Last week in a lending training session here at Hanscom FCU, we reviewed the five elements that make up a FICO score, a number between 350 and 850 that indicates to a lender how creditworthy a consumer is and how likely they are to pay off their debts. The higher the number, the more attractive the consumer is from a lending standpoint. I also learned that each element comprising the FICO score is weighted:
- Payment History (35%). Making your payments on time and avoiding late payments on your accounts has the most impact on your credit score. Even one late payment reported to credit bureaus can send your FICO score southward.
- Capacity (30%). This is the difference between your credit limits and the balances you carry. If you’re maxing out your credit lines, your score’s going to take a hit.
- Length of Credit (15%). This takes into account your oldest credit line and the average opened date of all your other lines of credit. This gives someone with a longer credit history a slight edge on their FICO score.
- Mix of Credit (10%). Lenders like to see a mix of different types of credit: not just revolving loans like credit cards, but things like installment loans (cars, personal) and mortgage loans/HELOCs.
- Accumulation of Debt (10%). Your FICO score reflects the number of times potential lenders check your credit and the number of open credit lines you carry. Lots of inquiries can drag your score down.
It struck me that the first two elements make up the majority of the score – 65% of it! – and even better, that consumers have a lot of influence over these elements.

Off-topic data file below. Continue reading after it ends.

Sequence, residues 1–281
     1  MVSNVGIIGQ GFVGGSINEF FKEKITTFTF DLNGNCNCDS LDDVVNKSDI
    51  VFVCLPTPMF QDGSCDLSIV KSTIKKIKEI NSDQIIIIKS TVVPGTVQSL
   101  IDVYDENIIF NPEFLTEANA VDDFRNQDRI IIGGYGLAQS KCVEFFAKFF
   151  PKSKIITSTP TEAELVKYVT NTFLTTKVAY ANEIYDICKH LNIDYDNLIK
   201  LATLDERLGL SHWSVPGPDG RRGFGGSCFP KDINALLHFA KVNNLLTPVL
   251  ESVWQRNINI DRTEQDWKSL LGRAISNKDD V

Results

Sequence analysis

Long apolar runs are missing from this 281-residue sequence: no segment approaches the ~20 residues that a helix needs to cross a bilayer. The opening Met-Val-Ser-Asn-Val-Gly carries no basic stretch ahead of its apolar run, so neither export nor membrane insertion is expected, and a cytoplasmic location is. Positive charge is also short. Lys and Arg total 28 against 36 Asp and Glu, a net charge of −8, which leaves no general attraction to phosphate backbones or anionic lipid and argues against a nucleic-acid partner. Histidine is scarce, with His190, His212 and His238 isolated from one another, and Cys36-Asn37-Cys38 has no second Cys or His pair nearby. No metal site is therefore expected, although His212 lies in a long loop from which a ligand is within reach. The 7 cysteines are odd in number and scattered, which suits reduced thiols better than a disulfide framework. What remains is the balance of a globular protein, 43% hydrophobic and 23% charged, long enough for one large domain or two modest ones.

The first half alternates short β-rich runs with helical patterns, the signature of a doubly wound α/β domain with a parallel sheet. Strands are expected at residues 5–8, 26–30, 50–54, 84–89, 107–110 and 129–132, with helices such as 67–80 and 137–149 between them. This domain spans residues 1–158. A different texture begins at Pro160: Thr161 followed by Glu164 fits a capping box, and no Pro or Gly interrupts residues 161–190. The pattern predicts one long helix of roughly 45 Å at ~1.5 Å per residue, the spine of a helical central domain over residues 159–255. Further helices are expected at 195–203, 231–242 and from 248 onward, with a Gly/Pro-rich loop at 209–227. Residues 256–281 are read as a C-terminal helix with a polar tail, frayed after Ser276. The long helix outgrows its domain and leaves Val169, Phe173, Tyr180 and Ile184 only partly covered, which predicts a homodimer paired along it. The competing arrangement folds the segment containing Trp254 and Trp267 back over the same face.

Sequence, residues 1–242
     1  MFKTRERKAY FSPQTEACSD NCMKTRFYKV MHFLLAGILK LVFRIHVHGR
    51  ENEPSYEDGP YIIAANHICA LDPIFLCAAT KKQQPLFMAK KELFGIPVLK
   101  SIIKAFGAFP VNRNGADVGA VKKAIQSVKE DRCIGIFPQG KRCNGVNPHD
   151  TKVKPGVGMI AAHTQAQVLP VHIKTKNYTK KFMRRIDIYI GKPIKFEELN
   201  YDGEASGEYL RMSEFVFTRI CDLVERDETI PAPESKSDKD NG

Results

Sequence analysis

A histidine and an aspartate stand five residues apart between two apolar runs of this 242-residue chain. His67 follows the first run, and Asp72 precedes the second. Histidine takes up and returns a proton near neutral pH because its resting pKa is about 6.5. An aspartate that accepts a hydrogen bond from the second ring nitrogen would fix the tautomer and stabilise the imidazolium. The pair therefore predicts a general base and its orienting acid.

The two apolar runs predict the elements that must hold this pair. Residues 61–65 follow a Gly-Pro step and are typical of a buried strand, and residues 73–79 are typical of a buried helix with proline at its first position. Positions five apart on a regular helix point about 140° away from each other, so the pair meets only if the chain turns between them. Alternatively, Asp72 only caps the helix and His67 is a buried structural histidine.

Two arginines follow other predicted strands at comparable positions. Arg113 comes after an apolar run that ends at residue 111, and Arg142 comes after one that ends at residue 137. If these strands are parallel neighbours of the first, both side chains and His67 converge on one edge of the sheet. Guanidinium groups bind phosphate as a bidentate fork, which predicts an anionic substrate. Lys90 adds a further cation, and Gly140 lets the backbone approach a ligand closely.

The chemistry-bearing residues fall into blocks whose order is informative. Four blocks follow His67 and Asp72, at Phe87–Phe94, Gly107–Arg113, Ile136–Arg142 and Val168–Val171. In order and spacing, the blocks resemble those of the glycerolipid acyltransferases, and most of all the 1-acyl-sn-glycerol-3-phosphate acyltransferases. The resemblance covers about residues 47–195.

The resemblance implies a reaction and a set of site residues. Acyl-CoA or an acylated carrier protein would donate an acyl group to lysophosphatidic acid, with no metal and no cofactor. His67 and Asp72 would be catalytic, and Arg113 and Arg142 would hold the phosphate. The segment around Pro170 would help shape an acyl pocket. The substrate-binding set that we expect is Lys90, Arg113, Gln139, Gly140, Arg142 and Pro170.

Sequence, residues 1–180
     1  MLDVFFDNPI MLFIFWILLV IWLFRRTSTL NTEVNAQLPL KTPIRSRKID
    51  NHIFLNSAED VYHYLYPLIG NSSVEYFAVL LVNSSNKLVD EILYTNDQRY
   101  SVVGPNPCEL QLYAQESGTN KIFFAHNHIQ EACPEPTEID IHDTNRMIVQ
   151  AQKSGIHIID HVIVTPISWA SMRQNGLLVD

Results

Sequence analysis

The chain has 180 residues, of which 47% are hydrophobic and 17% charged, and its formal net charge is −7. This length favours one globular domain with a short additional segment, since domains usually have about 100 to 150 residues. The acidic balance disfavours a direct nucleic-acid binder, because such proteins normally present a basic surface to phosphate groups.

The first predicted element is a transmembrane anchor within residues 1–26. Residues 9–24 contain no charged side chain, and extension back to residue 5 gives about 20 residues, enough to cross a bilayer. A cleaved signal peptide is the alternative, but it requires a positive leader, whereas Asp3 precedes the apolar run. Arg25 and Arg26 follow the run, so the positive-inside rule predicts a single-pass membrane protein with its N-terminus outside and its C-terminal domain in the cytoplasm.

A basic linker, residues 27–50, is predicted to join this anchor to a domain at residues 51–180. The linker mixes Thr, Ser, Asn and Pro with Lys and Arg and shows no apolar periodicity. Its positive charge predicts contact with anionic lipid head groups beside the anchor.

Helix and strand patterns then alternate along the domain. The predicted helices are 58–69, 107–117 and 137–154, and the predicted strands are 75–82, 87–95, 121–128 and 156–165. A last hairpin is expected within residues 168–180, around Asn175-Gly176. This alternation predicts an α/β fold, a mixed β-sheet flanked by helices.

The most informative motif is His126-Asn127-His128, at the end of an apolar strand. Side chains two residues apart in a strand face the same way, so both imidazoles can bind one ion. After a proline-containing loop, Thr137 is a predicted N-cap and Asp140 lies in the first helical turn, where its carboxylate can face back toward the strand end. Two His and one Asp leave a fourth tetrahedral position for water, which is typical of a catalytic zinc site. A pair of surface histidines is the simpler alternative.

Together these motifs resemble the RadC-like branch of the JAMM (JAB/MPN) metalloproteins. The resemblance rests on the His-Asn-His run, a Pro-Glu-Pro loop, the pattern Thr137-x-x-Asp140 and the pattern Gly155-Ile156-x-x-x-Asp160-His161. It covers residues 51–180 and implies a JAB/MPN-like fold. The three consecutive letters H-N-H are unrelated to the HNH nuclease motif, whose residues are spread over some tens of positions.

So if you want to boost your credit score, take positive actions that’ll have the most impact on it:
- Make your payments on time. This is probably the most influential factor determining your FICO score. And although on-time is best, late is better than never, which will sink your credit score quickly. Until a payment is 30 days past due, it won’t be reported to the credit bureaus. You may have to pay a late fee if you’re three weeks late, but your credit score shouldn’t suffer.
- Schedule or mail credit card and loan payments at least 10 days before their due dates. This ensures payments have plenty of time to be posted to your accounts.
- Get online. Online bill payment offers the advantage of being able to pay many bills instantly, eliminating worries about missing mail or a looming deadline. You can also get reminders when bills are due, check when your payments clear, and get a better grasp on your financial status.
- Change the due date on your bills. Many lenders will allow you to change to a due date that works better for your budget. For example, you may be having a tough time paying a credit card bill on the 5th of the month, right after you’ve paid your rent on the 1st. Having the due date moved to the 15th could give you the breathing room to keep your account current.
- Focus your repayment efforts on credit cards with balances nearing your credit limits. When you’re “maxed out” on your credit cards, it means your utilization rate is high, which influences your credit score by 30%.
- Request higher credit limits or even a new line of credit. Sometimes you can be a responsible creditor but have a FICO score that’s much lower than it should be. This can occur when you have open credit lines with low limits, which are easy to max out, or when you keep only one or two credit cards with balances well above the ideal 30% utilization rate. As long as you continue to keep your debt load low, higher limits on your credit lines will lower your utilization rates, thus giving you a significant bump in your FICO score.
Using that last tip alone, we have members who have pushed their credit score from the mid 700s to the low 800s! If you have any tips to improve these important two elements of a FICO score, we’d love to hear them. Post your thoughts below!
To get a better understanding of your credit report and how it is impacting your credit score, schedule a free credit score review. A member of the Hanscom Federal Credit Union team will share your report with you, identify errors and explain how to correct them, and offer tips on how to improve your credit score.